Enter Antony and Canidius. Eno. Nay, I have done : here comes the emperor,

Ant. Is it not strange, Canidius, That from Tarentum, and Brundufium, He could so quickly cut the Ionian sea, And take in Toryne?-You have heard on’t, sweet?

Cleo. Celerity is never more admired
Than by the negligent.

Ant. A good rebuke,
Which might have well becom'd the best of men
To taunt at Nackness. Canidius, we
Will fight with him by sea.

Cleo. By fea ! what else?
Can. Why will my lord do fo?
Ant. For that he dares us to't.
Eno. So hath my lord dar'd him to single fight.
Can. Ay, and to wage this battle at Pharsalia,
Where Cæsar fought with Pompey : But these offers,
Which ferve not for his vantage, he shakes off,
And so should you.


Eno. Your ships are not well mann'd:
Your mariners are muleteers, reapers, people
Ingrost by swift impress. In Cæsar's feet
Are those that often have 'gainst Pompey fought:
Their ships are yare ; yours, heavy': no disgrace
Shall fall you for refusing him at sea,
Being prepar'd for land.

Ant. By sea, by sea.

Eno. Most worthy fir, you therein throw away The abfolute soldiership you have by land; Distract your army, which doth most conlist Of war-mark'd footmen: leave unexecuted Your own renowned knowledge; quite forego The

way which promises assurance; and Give up yourself merely to chance and hazard, From firm security.

Ant. I'll fight at sea.

Cleo. I have sixty sails, Cæsar none better. - Ant. Our overplus of shipping will we burn; And, with the rest full mann'd, from the head of

Beat the approaching Cæsar. But if we fail,
We then can do't at land.

Enter a Messenger. Thy business?

Mes. The news is true, my lord; he is descried : Cæsar has taken Toryne.

Ant. Can he be there in person? 'tis impossible. Strange, that his power should be.-Canidius, Our nineteen legions thou shalt hold by land,

9 Their fhips are yare; your's bravy:-) So in fir Tho. North's Plutarch.-- Cæsar's ships were not built for pomp, high and great, &c. but they were light of yarage,rare generally fignifies, dextrous, manageable.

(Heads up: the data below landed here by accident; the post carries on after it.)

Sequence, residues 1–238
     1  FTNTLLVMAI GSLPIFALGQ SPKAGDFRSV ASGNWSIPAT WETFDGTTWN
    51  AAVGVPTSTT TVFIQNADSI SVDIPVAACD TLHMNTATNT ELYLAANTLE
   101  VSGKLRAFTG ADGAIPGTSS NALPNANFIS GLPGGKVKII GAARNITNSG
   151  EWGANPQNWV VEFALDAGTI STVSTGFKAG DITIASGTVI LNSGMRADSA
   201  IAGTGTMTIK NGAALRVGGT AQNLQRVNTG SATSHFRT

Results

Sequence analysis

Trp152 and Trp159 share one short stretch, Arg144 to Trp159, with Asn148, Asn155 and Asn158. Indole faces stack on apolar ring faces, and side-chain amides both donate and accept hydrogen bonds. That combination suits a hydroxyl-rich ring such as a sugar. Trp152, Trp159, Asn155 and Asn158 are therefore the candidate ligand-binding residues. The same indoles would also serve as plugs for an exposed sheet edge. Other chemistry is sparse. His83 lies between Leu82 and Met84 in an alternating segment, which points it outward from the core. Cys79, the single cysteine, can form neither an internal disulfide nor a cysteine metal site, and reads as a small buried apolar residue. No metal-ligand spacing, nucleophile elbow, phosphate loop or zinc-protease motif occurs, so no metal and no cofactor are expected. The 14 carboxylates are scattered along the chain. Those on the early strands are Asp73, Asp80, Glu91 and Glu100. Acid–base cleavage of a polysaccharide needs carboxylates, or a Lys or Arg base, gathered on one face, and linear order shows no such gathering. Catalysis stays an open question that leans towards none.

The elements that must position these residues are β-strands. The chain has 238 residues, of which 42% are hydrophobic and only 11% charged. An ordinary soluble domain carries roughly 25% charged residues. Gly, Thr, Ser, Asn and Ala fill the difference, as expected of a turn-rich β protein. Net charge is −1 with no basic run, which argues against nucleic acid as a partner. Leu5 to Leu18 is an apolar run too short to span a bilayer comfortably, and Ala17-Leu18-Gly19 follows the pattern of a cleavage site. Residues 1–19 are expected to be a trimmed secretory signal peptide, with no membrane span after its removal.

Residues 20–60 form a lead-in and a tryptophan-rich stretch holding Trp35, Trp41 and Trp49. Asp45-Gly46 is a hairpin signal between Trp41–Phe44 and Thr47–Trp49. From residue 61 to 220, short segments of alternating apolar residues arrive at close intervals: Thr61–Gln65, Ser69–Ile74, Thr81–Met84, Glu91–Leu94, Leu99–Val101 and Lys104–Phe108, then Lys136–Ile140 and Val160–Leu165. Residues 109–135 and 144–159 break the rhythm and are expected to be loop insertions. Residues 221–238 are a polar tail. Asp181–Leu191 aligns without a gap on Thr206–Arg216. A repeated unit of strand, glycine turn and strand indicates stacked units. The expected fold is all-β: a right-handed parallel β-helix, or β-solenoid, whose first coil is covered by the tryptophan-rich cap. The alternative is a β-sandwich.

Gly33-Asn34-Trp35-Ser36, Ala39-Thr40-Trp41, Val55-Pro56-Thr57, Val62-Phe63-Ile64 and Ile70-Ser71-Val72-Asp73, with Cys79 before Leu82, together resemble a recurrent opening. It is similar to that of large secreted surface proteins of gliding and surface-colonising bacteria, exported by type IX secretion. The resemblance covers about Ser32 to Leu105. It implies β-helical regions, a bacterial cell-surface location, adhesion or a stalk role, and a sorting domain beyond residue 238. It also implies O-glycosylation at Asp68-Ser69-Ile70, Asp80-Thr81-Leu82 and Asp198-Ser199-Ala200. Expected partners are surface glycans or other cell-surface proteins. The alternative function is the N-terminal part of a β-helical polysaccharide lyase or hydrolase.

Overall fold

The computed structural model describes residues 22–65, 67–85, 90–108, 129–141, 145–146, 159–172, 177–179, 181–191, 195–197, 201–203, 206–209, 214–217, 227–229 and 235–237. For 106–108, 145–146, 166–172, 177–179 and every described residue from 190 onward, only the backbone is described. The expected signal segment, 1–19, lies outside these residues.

And our twelve thousand horse. We'll to our ship;
Away, my Thetis !

Enter a Soldier.
How now, worthy soldier ?

Sold. Oh noble emperor, do not fight by sea;
Trust not to rotten planks: do you misdoubt
This sword, and these my wounds? Let the Ægyptians
And the Phænicians go a ducking; we
Have us'd to conquer standing on the earth,
And fighting foot to foot.
Ant. Well, well, away.

(Exeunt Antony, Cleopatra, and Enobarbus. Sold. 'By Hercules, I think, I am i' the right.

Can. Soldier, thou art: but his whole action grows
Not in the power on't: So our leader's led,
And we are women's men.

Sold. You keep by land
The legions and the horse whole, do you not ?

Can. Marcus Octavius, Marcus Jufteius,
Publicola, and Cælius, are for sea :
But we keep whole by land. This speed of Cæsar's
Carries beyond belief.

Sold. While he was yet in Rome,
His power went out in such ? distractions, as
Beguild all spies.
Can. Who's his lieutenant, hear you?
Sold. They say, one Taurus.
Can. Well I know the man.

By Hercules, I think, I ami' the right,
Can. Soldier, thou art; but his whole action grows
Not in the power'on't :-) That is, his whole conduct becomes,
ungoverned by the right, or by reason.

JOHNSON --diffractions- ) Detachments; feparate bodies. JOHNSON.

[ocr errors][merged small]
« AnteriorContinuar »